Viv shoved some painkillers into the backpack as well, and a bottle of water in next to it. That done, she limped back to Thys’s apartment. She felt… calm. Not ready, perhaps, because she wasn’t sure she’d ever feel ready, but as if she’d done everything she could for now.
Varsha was inside Thys’s apartment when Viv got back, wearing a sweater that proclaimed her a Hufflepuff, and gave Viv a wave. “Hi,” she said. “I don’t know how much good I will be, but I don’t sssee any harm in accompanying you to play sssniffer.”
Viv gave her a helpless smile. “I promise we appreciate it,” she said, and turned to Thys, who was now wearing white jeans and a brown, flowing blouse, open nearly to their sternum. “Wait, should I change my outfit too?”
“No,” Thys said. “I am trying to wear the least mystical thing I could think of, so I seem less. Cool. Powerful.”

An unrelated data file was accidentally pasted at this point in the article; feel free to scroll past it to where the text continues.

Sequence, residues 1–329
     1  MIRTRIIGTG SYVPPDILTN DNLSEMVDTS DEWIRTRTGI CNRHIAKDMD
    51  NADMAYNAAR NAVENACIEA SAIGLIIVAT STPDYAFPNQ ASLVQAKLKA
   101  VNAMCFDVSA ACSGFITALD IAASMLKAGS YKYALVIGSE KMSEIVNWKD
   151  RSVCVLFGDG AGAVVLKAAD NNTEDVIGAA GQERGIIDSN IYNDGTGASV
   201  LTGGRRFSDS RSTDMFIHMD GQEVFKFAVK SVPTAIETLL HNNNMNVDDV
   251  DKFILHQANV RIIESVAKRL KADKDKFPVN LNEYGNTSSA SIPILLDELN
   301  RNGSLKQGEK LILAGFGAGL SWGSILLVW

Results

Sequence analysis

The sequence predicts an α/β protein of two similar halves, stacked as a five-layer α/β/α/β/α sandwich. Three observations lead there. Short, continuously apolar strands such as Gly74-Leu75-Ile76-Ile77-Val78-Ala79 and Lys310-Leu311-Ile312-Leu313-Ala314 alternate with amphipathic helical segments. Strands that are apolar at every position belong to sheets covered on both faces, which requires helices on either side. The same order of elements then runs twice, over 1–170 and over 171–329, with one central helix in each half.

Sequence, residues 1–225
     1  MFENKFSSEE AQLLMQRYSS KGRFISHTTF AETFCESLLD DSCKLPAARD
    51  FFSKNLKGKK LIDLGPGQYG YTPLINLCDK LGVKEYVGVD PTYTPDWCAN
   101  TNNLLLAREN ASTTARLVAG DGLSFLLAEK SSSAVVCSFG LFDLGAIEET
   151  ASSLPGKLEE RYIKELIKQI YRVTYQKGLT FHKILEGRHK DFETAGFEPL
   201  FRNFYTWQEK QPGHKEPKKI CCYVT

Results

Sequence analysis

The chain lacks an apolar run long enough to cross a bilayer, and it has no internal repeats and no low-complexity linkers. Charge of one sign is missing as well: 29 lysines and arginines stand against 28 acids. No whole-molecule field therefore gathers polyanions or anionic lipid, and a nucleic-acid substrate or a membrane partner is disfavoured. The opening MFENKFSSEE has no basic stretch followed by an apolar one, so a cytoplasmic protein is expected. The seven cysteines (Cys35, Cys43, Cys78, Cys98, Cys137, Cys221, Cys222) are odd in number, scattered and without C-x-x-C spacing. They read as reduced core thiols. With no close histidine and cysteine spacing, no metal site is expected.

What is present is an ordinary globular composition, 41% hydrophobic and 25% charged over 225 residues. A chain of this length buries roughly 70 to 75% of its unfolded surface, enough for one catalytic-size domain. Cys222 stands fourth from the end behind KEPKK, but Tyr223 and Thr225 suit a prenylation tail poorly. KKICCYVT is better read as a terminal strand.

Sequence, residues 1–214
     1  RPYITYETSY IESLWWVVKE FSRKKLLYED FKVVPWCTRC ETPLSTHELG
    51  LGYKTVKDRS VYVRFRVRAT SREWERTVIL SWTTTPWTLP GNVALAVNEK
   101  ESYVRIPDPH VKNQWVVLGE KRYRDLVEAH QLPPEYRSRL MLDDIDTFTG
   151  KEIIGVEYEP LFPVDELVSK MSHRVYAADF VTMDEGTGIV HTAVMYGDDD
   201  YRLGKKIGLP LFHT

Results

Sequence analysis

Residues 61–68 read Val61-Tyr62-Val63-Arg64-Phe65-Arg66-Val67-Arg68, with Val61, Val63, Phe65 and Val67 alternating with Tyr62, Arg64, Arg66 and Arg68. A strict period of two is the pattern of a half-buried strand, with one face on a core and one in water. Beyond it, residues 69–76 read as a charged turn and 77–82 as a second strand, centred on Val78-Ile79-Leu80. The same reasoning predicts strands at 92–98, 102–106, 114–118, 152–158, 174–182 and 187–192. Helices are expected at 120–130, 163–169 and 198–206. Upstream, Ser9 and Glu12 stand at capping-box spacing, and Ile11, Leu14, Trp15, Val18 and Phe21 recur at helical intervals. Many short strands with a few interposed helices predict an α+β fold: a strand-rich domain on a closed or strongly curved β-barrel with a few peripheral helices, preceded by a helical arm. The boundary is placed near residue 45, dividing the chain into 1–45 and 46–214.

Biting back a laugh, Viv said, “Oh. Gotcha. I’m not sure it worked but, uh, I’ll just stick with what I have on. Anyone else joining us?”
“Dandelion and his band will meet us just inside the gate. He is strong with glamours and commands, and his band is good in a skirmish, he said—the satyr is a brawler, the elverpigen is capable of casting light that lures people and so may be able to interfere with the lanternfish, and the nixie is also a shapeshifter, as well as able to reinforce other people’s abilities with his music.”
“Well,” Viv said. “I mean, that’s a good set of skills, I think, as long as they know the risk and are careful. They’ve already gone for the gate…?”